Separating Sexes, Just for Tough Years
The middle school years (grades 7 and 8) are known to be the tough years. These are the years when the uneven pace of girls’ and boys’ physical, cognitive and emotional development is most noticeable. Girls are ahead of boys on all counts, and both suffer. Educators debate whether separating boys and girls during these difficult years might improve students’ academic performance. Separate classes are now prohibited in public schools that receive federal funds, but a change in the federal law that prohibits them is under consideration. Although some parents and educators oppose same-sex classes, there is some evidence that separating boys and girls in middle school yields positive results. Opponents of single-sex education claims that test scores of students in all-girl or all-boy classes are no higher those of students in mixed classes. However, the research is inconclusive. Despite the fact that some research shows no improvement in test scores, other research shows exactly the opposite results. More important, some psychologists believe that test scores are the wrong measuring sticks. They believe that self- confidence and self-esteem are more important that test scores. In same-sex classes, girls report increased self-confidence and improved attitude towards math and science, for example. Boys, too gain confidence when they do not have to compete with girls. Boys at this stage become angry and fight back in middle school because they feel inferior when compared to girls, who literally out-think them. With no girls in the classroom, they are more at ease with themselves and more receptive to learning.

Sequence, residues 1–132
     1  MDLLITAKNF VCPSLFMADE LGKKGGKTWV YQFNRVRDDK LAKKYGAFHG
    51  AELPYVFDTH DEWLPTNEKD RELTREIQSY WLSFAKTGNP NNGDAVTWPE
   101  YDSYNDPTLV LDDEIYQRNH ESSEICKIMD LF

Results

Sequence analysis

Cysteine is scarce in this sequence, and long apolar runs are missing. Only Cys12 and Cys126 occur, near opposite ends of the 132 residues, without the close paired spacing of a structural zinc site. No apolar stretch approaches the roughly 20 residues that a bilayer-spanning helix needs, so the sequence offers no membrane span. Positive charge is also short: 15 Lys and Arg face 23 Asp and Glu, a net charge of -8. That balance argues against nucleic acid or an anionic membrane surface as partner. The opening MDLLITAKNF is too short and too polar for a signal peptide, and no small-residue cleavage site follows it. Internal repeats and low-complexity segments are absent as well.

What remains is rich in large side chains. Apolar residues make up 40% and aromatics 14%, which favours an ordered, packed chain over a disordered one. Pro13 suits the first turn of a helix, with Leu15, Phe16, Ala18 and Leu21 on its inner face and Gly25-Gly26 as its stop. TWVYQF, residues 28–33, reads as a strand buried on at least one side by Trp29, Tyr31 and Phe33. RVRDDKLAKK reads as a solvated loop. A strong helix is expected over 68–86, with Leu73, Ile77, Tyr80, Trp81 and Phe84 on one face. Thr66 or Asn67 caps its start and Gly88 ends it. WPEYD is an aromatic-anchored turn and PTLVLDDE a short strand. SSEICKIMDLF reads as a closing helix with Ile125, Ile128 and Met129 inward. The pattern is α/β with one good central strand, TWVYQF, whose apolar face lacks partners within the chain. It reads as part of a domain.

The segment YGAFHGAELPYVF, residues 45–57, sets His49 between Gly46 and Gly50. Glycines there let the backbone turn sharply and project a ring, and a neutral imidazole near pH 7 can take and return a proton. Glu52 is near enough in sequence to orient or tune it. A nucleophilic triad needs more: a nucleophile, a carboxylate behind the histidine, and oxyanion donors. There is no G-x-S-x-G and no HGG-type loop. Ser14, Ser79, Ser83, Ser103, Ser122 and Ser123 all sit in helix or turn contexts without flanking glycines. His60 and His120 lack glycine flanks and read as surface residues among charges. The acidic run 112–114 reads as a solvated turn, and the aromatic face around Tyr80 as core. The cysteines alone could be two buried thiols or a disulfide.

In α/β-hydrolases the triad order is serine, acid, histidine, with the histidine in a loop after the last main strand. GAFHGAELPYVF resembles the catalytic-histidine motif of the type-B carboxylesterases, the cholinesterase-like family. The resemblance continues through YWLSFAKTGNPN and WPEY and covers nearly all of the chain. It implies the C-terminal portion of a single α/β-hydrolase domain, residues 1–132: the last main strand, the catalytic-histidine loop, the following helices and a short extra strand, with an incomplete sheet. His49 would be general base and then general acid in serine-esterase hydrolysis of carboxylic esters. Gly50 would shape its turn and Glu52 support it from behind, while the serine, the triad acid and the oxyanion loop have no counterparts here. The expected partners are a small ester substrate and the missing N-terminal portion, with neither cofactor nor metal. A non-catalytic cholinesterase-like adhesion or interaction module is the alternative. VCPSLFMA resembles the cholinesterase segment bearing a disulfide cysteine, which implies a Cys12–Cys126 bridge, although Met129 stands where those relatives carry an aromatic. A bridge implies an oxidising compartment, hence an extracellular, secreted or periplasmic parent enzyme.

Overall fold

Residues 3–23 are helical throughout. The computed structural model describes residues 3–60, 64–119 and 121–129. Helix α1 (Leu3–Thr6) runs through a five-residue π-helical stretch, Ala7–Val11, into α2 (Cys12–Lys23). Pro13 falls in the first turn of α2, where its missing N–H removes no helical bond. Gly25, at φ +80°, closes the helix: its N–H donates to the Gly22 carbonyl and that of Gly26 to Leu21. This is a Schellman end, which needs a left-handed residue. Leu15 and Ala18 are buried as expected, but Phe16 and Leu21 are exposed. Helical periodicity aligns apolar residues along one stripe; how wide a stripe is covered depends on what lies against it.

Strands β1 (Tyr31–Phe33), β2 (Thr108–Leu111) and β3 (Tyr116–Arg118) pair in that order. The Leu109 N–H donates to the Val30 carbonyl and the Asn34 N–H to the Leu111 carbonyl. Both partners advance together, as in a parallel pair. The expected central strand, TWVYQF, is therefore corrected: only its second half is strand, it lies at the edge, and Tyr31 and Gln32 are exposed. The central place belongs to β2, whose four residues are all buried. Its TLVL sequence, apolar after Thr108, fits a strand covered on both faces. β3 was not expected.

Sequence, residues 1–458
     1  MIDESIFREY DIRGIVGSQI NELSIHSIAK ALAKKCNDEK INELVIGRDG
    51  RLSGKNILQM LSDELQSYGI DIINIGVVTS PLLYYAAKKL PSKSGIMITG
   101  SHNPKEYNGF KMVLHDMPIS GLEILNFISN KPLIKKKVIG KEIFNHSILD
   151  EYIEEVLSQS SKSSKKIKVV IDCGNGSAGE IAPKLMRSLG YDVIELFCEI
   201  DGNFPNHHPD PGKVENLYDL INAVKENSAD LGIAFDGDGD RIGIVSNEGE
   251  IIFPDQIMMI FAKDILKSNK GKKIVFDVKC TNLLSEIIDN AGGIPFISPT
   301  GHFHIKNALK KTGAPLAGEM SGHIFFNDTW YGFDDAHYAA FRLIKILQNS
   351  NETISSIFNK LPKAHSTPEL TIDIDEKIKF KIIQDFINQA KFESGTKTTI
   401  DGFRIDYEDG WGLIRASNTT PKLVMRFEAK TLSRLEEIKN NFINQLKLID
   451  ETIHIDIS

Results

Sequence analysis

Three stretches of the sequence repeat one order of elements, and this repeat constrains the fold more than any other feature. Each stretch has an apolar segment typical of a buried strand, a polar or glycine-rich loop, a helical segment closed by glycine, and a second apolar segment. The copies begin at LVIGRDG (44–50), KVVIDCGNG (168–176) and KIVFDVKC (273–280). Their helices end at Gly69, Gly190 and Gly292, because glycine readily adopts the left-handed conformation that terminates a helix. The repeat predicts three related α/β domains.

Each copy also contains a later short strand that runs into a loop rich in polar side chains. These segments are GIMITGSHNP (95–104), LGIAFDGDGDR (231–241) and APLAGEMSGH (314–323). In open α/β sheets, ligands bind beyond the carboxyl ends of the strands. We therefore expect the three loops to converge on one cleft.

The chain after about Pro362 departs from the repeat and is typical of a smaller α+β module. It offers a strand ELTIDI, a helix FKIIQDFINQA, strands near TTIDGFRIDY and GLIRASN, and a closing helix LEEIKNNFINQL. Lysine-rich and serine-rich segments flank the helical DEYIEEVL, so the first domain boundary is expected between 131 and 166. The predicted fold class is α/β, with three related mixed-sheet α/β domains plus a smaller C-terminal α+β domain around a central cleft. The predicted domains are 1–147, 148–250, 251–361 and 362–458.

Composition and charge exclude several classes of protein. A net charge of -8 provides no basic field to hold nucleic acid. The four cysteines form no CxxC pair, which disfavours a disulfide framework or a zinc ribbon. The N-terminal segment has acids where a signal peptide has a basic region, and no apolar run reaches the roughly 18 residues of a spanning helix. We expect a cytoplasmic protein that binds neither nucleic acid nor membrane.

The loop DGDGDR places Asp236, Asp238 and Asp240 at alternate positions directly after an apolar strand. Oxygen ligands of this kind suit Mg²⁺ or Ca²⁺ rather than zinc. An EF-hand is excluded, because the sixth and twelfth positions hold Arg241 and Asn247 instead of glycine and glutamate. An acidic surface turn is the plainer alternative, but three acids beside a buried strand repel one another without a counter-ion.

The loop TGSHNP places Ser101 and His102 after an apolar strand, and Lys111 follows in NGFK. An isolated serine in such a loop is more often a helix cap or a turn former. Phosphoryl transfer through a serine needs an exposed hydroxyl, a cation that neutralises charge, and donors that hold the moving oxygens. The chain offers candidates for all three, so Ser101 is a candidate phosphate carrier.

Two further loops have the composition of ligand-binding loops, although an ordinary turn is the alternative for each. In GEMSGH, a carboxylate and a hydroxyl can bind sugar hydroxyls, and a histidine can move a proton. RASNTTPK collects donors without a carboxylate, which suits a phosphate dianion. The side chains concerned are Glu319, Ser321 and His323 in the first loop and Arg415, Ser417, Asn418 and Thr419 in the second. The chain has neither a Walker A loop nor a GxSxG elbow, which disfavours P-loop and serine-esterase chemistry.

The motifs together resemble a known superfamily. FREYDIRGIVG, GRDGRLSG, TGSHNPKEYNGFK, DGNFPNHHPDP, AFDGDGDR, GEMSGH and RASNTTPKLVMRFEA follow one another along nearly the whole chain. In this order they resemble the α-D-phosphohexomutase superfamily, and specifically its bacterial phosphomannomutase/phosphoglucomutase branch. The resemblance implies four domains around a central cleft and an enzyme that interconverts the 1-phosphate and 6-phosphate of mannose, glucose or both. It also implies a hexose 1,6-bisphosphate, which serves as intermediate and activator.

Opponents also maintain that separate classes send the message that males and females cannot work together. They say that when students go into the workforce, they will have to work side-by-side with the opposite side, and attending all-girls and all-boys schools denies them the opportunity to learn how to do so. However,...
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